It’s totally understandable that it wouldn’t be worth the expense if you feel like he wouldn’t be able to do anything more than your current doctors. Do you know if your doctors are giving you a chance to try all the different meds usually used for MAV (or for migraines in general, since they’re pretty much the same meds)? If so, then it’s true, there’s probably not much more Dr. Newman would be able to do, beyond what your docs are already doing. But you mentioned that a psychiatrist is currently the one prescribing your meds, so I wonder if he/she is trying meds other than anti-depressants or anti-anxiety meds (i.e. meds outside the psych field, like beta blockers or seizure meds)??

While none of the meds have really helped me (other than some minimal improvement on Topamax), it has been a huge help mentally/emotionally to have a doctor that takes me seriously, who doesn’t make me feel like I’m crazy or that it’s all in my head, and who is also very knowledgeable on the topic & has seen lots of other patients with the same symptoms. But obviously when you’re paying out of pocket, it may be a lot to pay just for some mental reassurance. It’s meant a lot to me though, I can tell you that. Also, I don’t know if it’d be true in all cases, but I’ve never felt rushed during my appointments w/ Dr. Newman, which is one of the things I really appreciate about him (this may be the upside of the no insurance thing, since he’s probably not squeezing in as many patients as docs who take insurance do)

Anyway, I don’t know if he’s even a consideration for you anymore, but just some extra food for thought . . .

Yes, my psychiatrist is definitely open to letting me explore other medication possibilities outside of antidepressants and the like. How are you managing on a day to day without any medication? Have you ever tried a benzo like valium or klonopin – that’s the one class of drug that seems to offer some relief to most people here (including myself).

Well, I don’t really manage on a day to day basis! I had to leave my job due to the MAV, and I really don’t do much outside of home at all. I thankfully am not one of those people who is bedridden by this (I have read some people on here or other boards who can’t even get out of bed). I do have spells where I can’t do anything other than curl up in bed or on the couch for several hours, but those are brought on by triggers and thankfully not my every day experience.

So I’m able to function around my apartment, and I can do quick errands nearby, like grocery shopping or running to the drugstore. I try to do any errands or appointments on weekday mornings, when things are least busy & crowded.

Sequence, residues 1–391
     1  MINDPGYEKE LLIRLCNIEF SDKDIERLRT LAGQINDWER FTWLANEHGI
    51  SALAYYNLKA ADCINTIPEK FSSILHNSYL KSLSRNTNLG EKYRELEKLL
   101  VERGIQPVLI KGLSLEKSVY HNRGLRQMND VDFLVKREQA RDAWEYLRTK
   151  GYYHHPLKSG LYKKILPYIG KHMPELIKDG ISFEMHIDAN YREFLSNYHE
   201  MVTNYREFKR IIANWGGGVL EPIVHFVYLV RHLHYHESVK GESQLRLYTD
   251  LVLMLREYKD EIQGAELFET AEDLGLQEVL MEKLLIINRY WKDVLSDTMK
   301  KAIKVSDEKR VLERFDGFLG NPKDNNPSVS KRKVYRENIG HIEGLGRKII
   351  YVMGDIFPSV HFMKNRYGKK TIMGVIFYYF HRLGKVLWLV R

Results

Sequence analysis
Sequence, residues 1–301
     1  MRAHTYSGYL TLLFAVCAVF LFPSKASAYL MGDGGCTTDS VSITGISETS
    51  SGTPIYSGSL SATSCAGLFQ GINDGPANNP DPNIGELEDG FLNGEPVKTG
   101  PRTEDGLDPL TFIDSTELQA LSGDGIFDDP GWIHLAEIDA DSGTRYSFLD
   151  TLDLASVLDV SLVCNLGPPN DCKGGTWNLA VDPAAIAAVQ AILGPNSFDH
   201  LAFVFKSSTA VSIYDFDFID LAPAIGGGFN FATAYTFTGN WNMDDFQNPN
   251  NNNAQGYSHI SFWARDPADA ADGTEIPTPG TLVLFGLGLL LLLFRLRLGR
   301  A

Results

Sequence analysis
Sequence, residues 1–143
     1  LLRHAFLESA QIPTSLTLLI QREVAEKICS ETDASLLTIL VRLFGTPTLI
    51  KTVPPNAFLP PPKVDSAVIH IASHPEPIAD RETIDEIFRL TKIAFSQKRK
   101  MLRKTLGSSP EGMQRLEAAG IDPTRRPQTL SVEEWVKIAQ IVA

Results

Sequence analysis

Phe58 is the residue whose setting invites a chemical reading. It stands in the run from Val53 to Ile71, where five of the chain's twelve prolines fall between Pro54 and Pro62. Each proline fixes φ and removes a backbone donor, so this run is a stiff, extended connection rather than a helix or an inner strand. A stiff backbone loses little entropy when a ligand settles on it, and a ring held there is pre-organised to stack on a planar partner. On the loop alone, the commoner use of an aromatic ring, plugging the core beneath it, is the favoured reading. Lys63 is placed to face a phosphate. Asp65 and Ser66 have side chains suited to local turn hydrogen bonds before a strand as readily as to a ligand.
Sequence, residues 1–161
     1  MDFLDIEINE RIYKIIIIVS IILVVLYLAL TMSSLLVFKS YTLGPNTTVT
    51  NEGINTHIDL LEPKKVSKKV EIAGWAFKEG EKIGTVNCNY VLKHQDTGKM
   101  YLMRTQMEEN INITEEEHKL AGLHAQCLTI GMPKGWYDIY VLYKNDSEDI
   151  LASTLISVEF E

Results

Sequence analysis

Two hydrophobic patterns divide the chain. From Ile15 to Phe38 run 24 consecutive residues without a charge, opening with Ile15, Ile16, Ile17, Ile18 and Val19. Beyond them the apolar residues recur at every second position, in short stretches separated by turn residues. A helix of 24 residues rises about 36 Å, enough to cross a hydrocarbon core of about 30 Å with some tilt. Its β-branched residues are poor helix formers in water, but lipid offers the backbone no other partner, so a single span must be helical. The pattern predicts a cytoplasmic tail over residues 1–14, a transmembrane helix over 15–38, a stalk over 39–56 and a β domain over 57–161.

Beyond that, I don’t do much. I’m able to get out for longer periods here & there, basically I do that by spacing out my activity – making sure I have a lot of rest time before & after. And I still end up feeling horrible, but usually I’m able to at least sort of enjoy being out.

So that’s the gist, I don’t really function much, but I get by. Newman never prescribed or even suggested benzos for me – not sure if it’s cause he doesn’t believe they work for MAV or if it’s just cause I’m so med sensitive or what. But I did have one primary care doc prescribe them & I think I tried it one time & felt very loopy & then got nervous to keep trying, after having had to many negative experiences with meds. This was several years ago, so I honestly can’t remember exactly what happened when I tried it, but I know it wasn’t anything that made me want to stick with it! (And I normally have given meds fair trials of several months, but by the time I tried the Klonopin, I’d already had too many negative experiences).

Anyway, I’m glad your psychiatrist is willing to work with you & seems open to lots of things. Hopefully one of these days you’ll stumble across something that works!

Ugh, I’m sorry. Do you live with someone who’s helpful?
Not to push the drugs, but if you do feel inclined to try again, a very small dose of a benzo might offer some relief – and shouldn’t make you loopy if it’s small enough (but I know we’re all very different with medication).

Nope, I live alone. Thanks goodness for the internet! I’m able to do many of my errands that way (buying gifts, clothes, vitamins, etc). My family is very supportive and not too far away, so if I ever really needed help with something, they’d definitely make every effort to be there.

As for the benzos, I actually did try a very small dose. I don’t remember the exact dose, but I think it was half of whatever the doctor suggested, which was small to begin with, since I’d told him I was sensitive (and I’m small, around 100lbs). I may come around to it again some day, but right now I’ve just been burned too many times and definitely need a break from taking risks with anything new. I appreciate the suggestion though.